The next chapter, “Interludes,” opens with a brief and enigmatic statement about the Elderlings before moving into Fitz responding to a summons from Shrewd. He notes his refusal to call on his king prior to the summons, despite the imprecations of the Fool and Verity. He also notes his coldness towards Shrewd as the latter presents him a scroll that Celerity had sent with a missive from her father. Shrewd also commands that Fitz will compose a reply to be sent back that afternoon.
Shrewd also takes the time to explain himself to Fitz, a strangely warm gesture from the aging king. He still intends to see Fitz wed Celerity, looking at it as a way to offer Fitz legitimacy and a more “normal” place. Shrewd also tacitly sets aside the idea that Fitz and Molly might wed. When Fitz pens the commanded reply letter, he does so with that idea in mind, and his thoughts turn to dark places as he delivers it back as he is bidden.
Later, after making contact with Nighteyes, Fitz heads into Buckkeep Town. He shadows Molly unobtrusively and “ambushes” her with an impromptu picnic that turns into another assignation. Narrating, Fitz glosses informing Molly of matters with Shrewd and Celerity, to which she responds as could be expected: with a solid understanding of what is to come, what the political circumstances will mean for them. Fitz does not share her maturity, and he grouses after they part.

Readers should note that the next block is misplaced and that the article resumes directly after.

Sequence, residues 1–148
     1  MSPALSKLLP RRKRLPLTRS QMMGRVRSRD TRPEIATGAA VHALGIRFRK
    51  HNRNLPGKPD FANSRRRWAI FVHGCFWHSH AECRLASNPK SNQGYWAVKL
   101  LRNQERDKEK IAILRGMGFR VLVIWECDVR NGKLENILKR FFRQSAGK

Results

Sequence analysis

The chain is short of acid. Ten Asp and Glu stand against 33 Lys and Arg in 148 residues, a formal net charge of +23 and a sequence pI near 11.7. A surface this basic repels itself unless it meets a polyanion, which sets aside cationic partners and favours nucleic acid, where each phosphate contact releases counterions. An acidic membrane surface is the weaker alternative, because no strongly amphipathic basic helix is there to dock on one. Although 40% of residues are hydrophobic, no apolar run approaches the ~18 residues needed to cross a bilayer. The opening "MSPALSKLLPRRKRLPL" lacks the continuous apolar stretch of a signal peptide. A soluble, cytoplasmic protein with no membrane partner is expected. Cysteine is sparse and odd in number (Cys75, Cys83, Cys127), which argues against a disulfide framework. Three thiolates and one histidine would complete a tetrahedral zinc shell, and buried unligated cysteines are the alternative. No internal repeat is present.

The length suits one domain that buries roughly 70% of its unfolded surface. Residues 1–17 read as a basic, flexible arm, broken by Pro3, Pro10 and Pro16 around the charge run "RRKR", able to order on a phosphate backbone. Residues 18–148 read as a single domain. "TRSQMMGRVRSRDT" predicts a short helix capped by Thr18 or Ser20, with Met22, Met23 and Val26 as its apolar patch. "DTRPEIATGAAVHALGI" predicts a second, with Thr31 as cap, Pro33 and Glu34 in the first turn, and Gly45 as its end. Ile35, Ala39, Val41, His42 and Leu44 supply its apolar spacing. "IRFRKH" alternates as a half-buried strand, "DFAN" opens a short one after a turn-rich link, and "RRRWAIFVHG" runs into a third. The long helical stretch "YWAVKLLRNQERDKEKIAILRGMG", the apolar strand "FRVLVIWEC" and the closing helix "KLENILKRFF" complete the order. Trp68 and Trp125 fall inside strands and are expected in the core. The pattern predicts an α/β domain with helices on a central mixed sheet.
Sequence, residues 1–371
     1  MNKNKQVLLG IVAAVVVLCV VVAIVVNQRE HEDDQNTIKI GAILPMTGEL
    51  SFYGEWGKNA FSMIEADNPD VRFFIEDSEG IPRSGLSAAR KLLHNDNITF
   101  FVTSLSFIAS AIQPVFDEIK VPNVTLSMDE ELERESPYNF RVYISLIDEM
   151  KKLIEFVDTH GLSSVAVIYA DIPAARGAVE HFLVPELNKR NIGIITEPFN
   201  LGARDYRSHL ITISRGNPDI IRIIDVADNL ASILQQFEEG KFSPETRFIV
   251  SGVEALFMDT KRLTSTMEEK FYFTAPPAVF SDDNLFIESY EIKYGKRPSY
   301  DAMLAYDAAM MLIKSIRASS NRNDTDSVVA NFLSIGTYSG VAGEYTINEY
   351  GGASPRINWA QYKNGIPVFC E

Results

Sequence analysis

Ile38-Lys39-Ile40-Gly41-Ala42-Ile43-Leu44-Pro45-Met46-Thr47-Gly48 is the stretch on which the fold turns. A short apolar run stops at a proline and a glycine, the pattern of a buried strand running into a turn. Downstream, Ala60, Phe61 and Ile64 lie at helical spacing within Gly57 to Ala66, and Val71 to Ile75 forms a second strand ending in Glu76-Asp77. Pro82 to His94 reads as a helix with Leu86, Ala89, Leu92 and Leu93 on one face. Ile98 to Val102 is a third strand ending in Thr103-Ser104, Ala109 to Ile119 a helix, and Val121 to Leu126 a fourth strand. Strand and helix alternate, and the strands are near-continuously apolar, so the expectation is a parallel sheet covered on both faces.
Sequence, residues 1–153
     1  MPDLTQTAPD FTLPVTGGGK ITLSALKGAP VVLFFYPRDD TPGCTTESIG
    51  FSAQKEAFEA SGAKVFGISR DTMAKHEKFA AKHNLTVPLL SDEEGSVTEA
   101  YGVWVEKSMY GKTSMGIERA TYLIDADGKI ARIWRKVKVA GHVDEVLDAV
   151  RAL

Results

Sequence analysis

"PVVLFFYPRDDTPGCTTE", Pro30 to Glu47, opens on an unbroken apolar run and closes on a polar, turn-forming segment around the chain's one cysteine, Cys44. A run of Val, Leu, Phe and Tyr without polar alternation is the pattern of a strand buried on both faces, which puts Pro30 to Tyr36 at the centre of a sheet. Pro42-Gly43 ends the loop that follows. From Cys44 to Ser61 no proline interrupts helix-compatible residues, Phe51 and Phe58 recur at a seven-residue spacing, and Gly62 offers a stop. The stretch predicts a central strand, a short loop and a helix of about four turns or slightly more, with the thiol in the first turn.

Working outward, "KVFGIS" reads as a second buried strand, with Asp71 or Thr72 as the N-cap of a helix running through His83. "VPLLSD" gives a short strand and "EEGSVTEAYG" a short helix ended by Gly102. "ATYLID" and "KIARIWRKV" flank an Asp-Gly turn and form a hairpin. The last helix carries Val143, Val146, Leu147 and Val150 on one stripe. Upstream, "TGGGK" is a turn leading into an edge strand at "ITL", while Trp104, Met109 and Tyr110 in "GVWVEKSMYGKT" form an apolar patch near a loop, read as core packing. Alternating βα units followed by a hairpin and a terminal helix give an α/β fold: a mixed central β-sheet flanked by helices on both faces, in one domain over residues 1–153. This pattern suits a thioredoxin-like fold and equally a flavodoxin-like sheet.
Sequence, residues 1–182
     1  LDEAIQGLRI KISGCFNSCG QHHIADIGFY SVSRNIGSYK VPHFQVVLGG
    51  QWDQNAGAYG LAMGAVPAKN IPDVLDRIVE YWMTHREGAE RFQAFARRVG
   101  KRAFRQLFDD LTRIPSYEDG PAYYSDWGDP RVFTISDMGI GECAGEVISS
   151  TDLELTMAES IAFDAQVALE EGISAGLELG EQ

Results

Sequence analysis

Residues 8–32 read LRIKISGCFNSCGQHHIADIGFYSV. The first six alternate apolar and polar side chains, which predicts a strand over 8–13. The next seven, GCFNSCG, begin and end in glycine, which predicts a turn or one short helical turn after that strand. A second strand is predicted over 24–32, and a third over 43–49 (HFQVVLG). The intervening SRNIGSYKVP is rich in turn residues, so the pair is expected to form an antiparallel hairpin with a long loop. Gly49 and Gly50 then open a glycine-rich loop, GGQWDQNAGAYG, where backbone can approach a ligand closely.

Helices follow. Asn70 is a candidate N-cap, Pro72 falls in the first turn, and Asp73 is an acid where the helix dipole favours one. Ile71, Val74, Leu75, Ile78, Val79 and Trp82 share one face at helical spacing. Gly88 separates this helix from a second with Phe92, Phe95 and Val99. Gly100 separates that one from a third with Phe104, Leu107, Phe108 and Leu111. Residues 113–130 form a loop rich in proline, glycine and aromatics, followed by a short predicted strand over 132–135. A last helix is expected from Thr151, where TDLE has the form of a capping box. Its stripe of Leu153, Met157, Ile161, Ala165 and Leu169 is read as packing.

Chade summons Fitz that evening, and they confer about Shrewd’s state of health–and Fitz’s impending betrothal. Chade tries to be sympathetic, but Fitz, enrwapped in adolescent passions, cannot accept it. Fitz apologizes for his outbursts, and Chade warns him that apologies will not always suffice before telling him the reason for the summons: Fitz will be hunting Forged Ones again. They commiserate over the work to come.
The bit about forgiveness late in the chapter seems to stick with me as I read again. I know that I have had something of a mouth on me for quite a while, and there were no few times in my childhood that my lip won a fist in return, suddenly applied. There were no few times, too, that my mouthiness hurt one or more people I really ought not to have hurt, and while some of them have forgiven me my faults, there are some I know never will. There are even a few of those to whom I have apologized, to no avail. (I am arrogant or evil enough to think that some of those I have mouthed off at have deserved whatever pain I have caused them.) I regret many of those words, even those that others seem to have forgotten or passed over–but the arrogant ass that I was in my youth would not believe in such regrets.
I am glad to be less of a fool now, though I am still very much a fool.
(In case the image caption doesn’t show, it’s fitz + molly from risoria’s Tumblr, here; the image is used for commentary.)